Tuesday, 31 March 2015

Hasbro / Wizards of the Coast Buys Games Workshop

The following fax arrived at work, with the familiar GW corporate logo and header at the top of it:

"Good morning,

On April 1st, Hasbro Incorporated, parent company of Wizards of the Coast, purchased a majority share and controlling interest of Games Workshop Group PLC.  This is exciting news for the gaming industry, as the leading manufacturer of role-playing and collectible card games and the leading manufacturer of miniature games have now been consolidated into the same family.

What does this mean for the staff of Games Workshop?  It means that your stores are now able to expand their product ranges to offer more than just Games Workshop products.  Soon, retail staff will be able to demo not only Warhammer games, but also run intro games and tournaments of Magic the Gathering, and Pokémon the Trading Card Game.

By bringing these amazing worlds together, Hasbro / WotC is presented with a whole host of new possibilities... one which the front line sales staff of the existing Games Workshop retail stores are well positioned to deliver.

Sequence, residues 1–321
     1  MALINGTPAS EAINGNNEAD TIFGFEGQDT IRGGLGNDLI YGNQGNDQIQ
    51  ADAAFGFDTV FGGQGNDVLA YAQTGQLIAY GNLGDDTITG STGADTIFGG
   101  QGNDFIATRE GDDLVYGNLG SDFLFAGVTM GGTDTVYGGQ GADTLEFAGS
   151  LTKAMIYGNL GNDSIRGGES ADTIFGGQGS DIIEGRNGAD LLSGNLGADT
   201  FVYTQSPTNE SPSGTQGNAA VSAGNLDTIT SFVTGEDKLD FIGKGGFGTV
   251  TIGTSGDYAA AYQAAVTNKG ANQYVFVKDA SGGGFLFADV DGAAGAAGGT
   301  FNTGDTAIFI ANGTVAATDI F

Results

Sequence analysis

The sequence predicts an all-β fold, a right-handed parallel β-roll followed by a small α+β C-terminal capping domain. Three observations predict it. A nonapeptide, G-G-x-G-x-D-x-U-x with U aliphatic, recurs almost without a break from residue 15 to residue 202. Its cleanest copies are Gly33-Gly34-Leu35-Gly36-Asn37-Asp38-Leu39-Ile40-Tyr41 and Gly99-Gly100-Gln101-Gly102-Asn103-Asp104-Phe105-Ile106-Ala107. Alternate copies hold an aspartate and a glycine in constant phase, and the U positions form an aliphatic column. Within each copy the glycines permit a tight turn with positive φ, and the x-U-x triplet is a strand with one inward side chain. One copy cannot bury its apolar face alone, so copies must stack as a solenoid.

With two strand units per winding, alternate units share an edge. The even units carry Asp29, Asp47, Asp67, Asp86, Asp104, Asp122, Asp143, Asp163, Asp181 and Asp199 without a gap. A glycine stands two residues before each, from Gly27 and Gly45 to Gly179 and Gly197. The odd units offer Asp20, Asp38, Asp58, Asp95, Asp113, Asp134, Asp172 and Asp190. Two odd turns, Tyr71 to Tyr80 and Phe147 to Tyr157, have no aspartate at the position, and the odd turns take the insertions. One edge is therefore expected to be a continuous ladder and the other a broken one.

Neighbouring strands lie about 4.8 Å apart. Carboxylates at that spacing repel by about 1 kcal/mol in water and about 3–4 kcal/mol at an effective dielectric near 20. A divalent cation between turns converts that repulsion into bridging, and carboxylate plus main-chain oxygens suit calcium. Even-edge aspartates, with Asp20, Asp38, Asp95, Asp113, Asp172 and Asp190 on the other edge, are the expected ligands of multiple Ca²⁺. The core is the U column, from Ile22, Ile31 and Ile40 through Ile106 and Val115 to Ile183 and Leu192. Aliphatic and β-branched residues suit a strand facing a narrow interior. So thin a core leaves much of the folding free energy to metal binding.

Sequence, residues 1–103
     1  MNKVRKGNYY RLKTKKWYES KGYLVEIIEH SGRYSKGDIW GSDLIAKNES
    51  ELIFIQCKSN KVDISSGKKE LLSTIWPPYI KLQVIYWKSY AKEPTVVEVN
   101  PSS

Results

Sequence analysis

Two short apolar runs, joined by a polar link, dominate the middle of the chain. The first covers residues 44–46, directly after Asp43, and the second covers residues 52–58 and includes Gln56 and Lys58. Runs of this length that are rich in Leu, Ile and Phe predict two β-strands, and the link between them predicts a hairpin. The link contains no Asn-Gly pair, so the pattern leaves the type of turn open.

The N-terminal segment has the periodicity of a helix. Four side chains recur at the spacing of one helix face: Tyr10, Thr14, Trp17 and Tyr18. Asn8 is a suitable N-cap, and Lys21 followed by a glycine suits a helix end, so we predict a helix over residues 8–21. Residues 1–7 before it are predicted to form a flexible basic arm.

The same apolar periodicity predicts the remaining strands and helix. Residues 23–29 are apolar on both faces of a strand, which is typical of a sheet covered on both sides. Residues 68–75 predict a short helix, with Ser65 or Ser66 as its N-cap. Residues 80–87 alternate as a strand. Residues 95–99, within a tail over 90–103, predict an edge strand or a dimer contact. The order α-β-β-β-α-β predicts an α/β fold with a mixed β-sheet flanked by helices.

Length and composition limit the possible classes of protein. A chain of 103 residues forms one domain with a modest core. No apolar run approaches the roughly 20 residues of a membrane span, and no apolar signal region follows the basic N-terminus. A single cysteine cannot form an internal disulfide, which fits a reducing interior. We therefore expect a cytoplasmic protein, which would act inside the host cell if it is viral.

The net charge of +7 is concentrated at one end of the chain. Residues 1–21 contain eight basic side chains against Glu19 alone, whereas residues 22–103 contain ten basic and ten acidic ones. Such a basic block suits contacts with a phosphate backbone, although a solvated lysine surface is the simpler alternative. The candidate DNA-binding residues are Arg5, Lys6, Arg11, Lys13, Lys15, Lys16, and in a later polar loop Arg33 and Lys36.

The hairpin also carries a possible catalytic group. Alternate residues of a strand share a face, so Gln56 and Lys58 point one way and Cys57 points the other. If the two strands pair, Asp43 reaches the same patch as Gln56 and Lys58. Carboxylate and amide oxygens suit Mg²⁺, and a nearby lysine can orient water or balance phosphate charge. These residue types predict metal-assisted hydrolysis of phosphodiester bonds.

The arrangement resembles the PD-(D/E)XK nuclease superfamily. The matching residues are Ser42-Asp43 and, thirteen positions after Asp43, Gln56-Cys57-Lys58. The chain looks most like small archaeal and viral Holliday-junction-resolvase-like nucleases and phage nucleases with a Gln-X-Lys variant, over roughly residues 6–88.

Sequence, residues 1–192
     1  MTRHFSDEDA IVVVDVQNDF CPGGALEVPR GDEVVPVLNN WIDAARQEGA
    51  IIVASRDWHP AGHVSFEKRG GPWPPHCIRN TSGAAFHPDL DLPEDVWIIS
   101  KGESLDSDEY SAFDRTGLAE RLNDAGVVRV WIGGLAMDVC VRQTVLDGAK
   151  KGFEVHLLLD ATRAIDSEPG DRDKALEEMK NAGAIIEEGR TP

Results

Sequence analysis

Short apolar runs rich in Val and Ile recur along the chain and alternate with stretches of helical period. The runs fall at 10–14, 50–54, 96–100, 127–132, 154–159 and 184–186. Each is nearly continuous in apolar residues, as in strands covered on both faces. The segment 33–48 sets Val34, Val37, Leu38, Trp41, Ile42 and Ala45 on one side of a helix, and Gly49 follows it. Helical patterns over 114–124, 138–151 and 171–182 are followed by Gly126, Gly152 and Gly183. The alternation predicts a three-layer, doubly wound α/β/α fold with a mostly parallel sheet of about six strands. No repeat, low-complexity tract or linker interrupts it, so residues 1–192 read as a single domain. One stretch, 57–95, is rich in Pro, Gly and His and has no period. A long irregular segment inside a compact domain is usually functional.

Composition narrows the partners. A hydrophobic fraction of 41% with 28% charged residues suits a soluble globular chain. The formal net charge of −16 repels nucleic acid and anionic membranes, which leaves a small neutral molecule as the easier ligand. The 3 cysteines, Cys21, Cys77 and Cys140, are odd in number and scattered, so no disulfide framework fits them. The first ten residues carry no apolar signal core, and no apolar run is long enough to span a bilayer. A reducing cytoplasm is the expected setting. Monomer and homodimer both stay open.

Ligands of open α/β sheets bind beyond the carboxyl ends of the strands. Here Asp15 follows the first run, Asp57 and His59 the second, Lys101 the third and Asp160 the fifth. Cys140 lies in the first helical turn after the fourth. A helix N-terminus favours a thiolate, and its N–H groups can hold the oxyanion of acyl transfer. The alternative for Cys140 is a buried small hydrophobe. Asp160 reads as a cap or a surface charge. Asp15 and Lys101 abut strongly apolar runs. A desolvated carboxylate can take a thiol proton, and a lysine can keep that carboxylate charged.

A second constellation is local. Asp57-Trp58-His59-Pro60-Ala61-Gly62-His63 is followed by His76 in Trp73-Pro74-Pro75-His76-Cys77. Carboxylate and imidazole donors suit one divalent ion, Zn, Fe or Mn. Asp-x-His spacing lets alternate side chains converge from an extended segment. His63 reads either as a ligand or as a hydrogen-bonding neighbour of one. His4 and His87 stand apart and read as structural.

Let me be the first to say, welcome to the fold!

Sincerely,

April Phules
CEO Hasbro Gaming Division"



The GW retail stores on the west coast of Canada (the closest GW stores to the WotC headquarters in Washington State) were the first to receive these faxes.  Corporate memos arrived regularly in this manner, but never had the content been quite so shocking.  Within minutes, the store manager of GW West Vancouver was calling the store manager in Burnaby (the flagship store of the region).  After a heated and outraged rant, he threatened to quit his job if he and his staff were going to be required to run demo games of Pokémon.

More phone calls came in.  The staff of one store was calling the next, asking if they had also received the shocking news.  The store staff then sent a copy of the fax on to the Canadian HQ of GW.

Finally, the area manager (who was out of town at the time) called in to the Burnaby store for a routine check-in.  The store manager then told him about the fax, and read it out aloud to him after setting the phone to speaker mode so that all the staff could hear his reaction.